The data examined in "Global Burden of Obesity in 2005 and Projections to 2030," authored by Tanika. Kelly, a doctoral candidate at Tulane University School of Public Health and Tropical Medicine, claims that almost one-third of the world is already considered over-weight or obese.
The research holds a lot of importance, as it is the first to pool systematically peer-reviewed data from over 100 countries into one comprehensive global estimate for obesity.
The researchers compiled results from population-based studies that were published in peer-reviewed journals from January 1990 through August 2007. Overall, the researchers employed 72 national, 22 multi-site and 14 regional studies from 106 countries, covering approximately 88 percent of the world's population.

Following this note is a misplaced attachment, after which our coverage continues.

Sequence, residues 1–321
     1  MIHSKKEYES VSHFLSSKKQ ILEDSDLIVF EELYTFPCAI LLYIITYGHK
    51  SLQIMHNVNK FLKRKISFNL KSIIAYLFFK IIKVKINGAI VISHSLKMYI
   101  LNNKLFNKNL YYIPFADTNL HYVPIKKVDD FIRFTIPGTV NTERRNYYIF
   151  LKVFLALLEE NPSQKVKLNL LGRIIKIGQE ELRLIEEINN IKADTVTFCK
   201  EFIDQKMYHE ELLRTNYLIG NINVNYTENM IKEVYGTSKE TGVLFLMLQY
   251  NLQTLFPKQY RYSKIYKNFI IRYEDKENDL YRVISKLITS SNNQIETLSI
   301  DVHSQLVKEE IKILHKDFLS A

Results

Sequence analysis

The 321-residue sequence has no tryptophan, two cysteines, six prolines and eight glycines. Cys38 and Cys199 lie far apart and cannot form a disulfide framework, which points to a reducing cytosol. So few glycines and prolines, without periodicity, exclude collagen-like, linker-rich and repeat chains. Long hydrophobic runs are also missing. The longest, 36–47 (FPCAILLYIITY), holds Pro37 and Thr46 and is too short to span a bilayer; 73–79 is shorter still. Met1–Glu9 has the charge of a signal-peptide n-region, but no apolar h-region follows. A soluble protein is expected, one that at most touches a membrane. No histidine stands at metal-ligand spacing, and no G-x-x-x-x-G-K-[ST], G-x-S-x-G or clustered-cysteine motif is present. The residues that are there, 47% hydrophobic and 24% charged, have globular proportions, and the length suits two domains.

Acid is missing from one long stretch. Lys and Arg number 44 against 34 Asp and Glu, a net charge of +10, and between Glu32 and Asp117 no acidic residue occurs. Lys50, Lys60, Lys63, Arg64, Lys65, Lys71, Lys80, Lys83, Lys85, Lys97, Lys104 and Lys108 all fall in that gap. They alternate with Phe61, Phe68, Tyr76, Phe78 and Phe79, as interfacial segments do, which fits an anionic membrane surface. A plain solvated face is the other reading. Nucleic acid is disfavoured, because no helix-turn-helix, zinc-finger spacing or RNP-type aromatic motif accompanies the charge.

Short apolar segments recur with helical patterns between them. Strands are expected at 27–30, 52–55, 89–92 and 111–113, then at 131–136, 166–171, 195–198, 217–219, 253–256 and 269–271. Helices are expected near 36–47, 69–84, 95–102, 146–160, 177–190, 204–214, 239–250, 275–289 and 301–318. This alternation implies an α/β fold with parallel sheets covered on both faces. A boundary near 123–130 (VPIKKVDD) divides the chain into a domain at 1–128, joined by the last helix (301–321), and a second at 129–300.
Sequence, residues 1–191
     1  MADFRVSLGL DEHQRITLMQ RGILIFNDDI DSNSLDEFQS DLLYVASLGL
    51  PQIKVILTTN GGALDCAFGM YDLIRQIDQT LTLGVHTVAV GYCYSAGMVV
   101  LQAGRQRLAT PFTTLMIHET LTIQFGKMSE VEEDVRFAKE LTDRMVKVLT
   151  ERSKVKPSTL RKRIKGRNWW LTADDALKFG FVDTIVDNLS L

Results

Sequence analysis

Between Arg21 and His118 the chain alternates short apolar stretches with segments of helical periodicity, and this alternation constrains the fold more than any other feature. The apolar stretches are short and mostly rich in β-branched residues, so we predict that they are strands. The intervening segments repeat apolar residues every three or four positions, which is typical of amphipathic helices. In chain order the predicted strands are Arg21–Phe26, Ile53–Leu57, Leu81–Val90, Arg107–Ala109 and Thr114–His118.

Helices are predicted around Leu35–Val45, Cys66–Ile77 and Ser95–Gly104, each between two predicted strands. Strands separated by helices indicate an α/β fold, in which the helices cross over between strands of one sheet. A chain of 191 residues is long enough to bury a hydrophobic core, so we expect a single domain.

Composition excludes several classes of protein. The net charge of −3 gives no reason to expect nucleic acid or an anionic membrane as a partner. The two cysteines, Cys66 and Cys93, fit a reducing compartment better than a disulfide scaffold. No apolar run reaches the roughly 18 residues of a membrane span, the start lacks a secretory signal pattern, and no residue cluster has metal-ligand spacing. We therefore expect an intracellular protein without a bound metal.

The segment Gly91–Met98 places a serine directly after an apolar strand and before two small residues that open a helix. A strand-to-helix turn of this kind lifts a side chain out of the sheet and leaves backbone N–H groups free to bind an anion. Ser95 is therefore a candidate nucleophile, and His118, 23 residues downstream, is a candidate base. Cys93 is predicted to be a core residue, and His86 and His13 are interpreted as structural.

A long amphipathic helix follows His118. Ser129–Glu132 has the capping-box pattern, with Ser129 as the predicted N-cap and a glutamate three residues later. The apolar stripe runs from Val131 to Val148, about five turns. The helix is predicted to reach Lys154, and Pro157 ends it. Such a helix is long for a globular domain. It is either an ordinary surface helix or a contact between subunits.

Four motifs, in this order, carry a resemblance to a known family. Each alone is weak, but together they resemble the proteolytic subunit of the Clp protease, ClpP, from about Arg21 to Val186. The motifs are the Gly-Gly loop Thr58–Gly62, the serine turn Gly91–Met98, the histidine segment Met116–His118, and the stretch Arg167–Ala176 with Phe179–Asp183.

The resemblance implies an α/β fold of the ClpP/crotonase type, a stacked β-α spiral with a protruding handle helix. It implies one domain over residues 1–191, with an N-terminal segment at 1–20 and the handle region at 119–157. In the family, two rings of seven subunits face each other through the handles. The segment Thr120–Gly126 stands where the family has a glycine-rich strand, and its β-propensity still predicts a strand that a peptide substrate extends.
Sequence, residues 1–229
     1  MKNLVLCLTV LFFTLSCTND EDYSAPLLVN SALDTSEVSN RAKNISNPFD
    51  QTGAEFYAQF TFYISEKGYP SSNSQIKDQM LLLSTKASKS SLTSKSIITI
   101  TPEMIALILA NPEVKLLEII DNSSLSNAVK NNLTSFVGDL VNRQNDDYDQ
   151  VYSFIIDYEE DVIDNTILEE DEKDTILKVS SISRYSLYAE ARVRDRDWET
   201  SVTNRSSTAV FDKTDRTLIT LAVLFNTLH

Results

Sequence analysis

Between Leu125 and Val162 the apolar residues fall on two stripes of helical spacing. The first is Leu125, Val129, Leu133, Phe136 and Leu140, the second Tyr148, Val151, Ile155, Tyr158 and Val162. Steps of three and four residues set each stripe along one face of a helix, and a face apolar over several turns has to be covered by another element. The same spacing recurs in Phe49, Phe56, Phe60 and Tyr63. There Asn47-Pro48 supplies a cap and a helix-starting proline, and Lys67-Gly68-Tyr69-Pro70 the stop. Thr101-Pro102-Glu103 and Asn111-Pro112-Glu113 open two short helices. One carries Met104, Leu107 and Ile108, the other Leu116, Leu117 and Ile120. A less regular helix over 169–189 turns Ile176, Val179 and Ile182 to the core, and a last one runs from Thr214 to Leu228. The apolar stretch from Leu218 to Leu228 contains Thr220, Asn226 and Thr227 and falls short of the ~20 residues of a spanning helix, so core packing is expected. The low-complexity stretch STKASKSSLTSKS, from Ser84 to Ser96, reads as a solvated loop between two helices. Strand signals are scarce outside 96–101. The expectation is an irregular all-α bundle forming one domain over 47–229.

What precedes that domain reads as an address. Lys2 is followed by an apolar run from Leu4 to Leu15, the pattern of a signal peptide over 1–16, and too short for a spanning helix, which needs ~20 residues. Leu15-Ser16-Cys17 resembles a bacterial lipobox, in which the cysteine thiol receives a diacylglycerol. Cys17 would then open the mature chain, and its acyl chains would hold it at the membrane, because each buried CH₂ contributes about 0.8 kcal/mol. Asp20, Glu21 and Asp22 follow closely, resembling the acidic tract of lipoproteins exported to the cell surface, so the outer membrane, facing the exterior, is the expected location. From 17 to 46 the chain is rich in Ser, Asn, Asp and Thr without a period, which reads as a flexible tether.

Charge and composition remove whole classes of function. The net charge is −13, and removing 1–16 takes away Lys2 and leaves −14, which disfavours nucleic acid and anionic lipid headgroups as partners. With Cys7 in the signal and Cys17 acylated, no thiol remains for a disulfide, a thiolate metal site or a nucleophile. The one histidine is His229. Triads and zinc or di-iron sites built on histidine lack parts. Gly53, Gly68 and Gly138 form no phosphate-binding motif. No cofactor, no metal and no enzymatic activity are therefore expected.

The study reveals that till the year 2005, approximately 23.2 pct of the world's adult population was over-weight and 9.8 pct was obese. More or less 937 million adults were overweight and 396 million were obese, and if similar trend continues the number of overweight individuals will double to 2.16 billion by 2030 and the number of obese adults will grow up to 1.12 billion during the same period of time.
"The high prevalence of overweight and obesity, combined with their concomitant health risks makes it a particularly relevant worldwide public health challenge," the researchers said.
Public health initiatives have already been starting in many developed countries, unfortunately such programs are absent in the developing nations.
"Primary prevention of these conditions is a better alternative to the treatment of obesity, especially in areas where healthcare resources are limited," said the authors.
The study is published in the latest issue of International Journal of Obesity.